Even if that is the case, the mint condition Jag is still expected to draw plenty of attention, as not too many opportunities will arise in the future to own one that’s hardly turned a wheel in almost three decades.
There’s barely a hint of wear and tear on the burgundy metallic paint and no signs of tugs or splits in the cream leather interior.
Even the mahogany dashboard, centre console panels and door inserts have the fresh glossy coat of lacquer it was first graced with.
Silverstone Auctions claims it ‘even retains some of that distinctive new car smell’.
Under the hood, the 5.3-litre V12 engine is spotless and should retain all 299bhp it left the factory with.
The first owner took delivery in 1990 and kept it in storage for the next 25 years, according to the documented history.
The current vendor bought the vehicle in 2015 and has barely put a mile on the classy British coupe since.
All the original books, manuals and service documentation are present along with some previous MOT forms.
Jaguar Cars produced the XJS from 1975 to 1996. It was the car that replaced the iconic E-Type. In 1990, Jaguar Classics said the V12 HE model was priced from £34,200
Princess Diana photographed at the wheel of her unique Jaguar XJS with Princes William and Harry sat in the back seats
The XJS became Jaguar’s best-selling sports car ever, with well in excess of 115,000 finding homes. The one for sale might be the least used of them all
Jaguar XJS HE specs
Engine: 5343cc V12 petrol
Torque: 318lb ft
Top Speed: 153mph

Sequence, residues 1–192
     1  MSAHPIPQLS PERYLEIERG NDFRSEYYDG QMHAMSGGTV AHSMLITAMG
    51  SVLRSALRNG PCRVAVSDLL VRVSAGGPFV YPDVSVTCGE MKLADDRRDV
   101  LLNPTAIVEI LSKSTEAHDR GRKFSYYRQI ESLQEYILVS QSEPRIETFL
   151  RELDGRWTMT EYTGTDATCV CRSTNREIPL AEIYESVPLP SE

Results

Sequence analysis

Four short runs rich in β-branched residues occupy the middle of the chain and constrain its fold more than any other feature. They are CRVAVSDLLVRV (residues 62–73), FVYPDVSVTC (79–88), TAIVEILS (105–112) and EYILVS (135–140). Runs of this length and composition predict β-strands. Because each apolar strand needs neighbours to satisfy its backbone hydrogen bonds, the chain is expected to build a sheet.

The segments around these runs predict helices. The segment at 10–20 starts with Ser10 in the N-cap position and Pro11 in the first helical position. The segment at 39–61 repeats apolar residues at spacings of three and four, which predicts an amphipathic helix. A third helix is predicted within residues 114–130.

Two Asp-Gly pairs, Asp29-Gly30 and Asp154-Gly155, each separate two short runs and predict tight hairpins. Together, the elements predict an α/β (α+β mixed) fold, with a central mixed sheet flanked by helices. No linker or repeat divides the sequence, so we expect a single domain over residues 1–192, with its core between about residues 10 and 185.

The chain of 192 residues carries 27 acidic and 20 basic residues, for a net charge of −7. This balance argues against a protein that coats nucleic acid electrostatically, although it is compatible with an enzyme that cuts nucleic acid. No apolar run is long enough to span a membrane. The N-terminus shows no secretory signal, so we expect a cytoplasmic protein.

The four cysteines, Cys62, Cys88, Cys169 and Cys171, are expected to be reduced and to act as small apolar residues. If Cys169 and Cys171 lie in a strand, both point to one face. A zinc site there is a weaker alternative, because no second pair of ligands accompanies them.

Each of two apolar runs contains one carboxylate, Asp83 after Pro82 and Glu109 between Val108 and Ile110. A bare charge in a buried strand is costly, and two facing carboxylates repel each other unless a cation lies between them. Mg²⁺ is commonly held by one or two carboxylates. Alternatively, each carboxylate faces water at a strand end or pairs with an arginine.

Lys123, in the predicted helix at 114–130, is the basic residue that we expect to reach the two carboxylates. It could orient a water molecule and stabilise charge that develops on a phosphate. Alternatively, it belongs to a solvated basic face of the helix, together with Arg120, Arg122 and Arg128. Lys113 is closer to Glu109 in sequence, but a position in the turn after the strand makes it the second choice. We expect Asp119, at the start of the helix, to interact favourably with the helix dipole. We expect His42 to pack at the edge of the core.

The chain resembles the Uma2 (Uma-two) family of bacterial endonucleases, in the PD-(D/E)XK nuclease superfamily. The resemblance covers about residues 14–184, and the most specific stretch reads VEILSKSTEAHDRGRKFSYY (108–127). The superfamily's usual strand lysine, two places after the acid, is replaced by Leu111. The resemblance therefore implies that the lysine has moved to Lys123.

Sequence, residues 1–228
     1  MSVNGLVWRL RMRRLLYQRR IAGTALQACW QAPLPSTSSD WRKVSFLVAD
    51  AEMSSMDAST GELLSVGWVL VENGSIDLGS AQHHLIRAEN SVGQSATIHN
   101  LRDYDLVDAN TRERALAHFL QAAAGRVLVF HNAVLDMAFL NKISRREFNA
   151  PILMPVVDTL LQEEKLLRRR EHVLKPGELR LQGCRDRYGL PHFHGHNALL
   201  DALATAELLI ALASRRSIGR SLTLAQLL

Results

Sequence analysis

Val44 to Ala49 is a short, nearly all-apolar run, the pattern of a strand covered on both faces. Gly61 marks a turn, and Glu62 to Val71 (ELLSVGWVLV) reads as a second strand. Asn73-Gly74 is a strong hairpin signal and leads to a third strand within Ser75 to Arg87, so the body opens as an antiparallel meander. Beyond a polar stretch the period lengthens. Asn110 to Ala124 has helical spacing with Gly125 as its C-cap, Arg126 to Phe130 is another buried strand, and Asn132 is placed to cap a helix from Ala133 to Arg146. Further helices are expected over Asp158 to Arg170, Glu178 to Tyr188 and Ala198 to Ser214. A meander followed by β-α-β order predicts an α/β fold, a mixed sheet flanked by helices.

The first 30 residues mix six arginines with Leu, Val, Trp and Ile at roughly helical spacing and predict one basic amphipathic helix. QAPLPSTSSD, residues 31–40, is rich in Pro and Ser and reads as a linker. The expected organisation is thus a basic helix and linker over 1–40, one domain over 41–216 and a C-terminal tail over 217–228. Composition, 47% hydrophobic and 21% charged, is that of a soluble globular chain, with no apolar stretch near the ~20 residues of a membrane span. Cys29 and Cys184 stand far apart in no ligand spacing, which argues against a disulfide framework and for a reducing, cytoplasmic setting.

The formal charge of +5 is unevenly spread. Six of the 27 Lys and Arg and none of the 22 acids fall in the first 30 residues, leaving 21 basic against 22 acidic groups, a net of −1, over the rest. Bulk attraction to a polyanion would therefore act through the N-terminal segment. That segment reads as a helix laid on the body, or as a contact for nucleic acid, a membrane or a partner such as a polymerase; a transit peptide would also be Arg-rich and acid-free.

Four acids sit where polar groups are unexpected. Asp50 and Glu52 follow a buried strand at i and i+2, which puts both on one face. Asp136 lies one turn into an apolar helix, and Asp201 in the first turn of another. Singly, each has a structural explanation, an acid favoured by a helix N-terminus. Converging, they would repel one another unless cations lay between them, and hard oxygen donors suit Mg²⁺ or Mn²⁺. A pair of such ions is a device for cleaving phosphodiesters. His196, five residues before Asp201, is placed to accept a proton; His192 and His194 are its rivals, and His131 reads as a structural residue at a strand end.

0-60mph: 7.5 sec
Fuel economy: 16.3mpg
Gearbox: 3-speed auto
Length: 4.77 metres
Width: 1.79 metres
Jaguar XJS: The background
Conceived as a comfortable Grand Tourer, rather than an out-and-out sports car like the preceding E-Type, the XJS made use of Jaguar’s extensively developed XJ6 and XJ12 saloon platform and running gear.
Shorter in the wheelbase than its four-door siblings, the XJ-S debuted at the 1976 Frankfurt Motor Show as a V12-powered coupe, with six-cylinder and soft-top versions following in the 1980s.
One of the most important developments in the evolution of the V12-powered XJS was the introduction of the HE (High Efficiency) engine in 1981.
Incorporating a new design of cylinder head, this more fuel-efficient unit enabled the top-of-the-range XJS to meet tighter worldwide emissions legislation – though those are nothing compared to the standard manufacturers need to adhere to today.
The long-lived XJS would go on to become Jaguar’s best-selling sports car ever, with well in excess of 115,000 versions bought during the production cycle that ended in April 1996.
Proof that cars from the same period have increased in value…
The Jaguar XJS will be auctioned at Silverstone race circuit in Northamptonshire on 21 and 22 July.
It will be offered to the highest bidder alongside a 1987 Ford Sierra RS500 Cosworth with 10,840 miles on the clock that’s predicted to sell for a more impressive £105,000.
Some 21 years ago, the fast Ford would have cost £19,950 new.
That works out an inflation-adjusted £55,685, so the Sierra Cosworth at least is almost twice as valuable today as it was when first sold.
Proof that picking the right car to bubble wrap for years can be a brilliant investment.
The same auction next month will feature this glorious 1987 Ford Sierra RS500 Cosworth. It has just 10,840 miles on the clock and is expected to sell for around £105,000
The fast Ford is proof that some models will appreciate over time, with this little-used Sierra worth twice as much as it was – after inflation – when the vendor bought it 31 years ago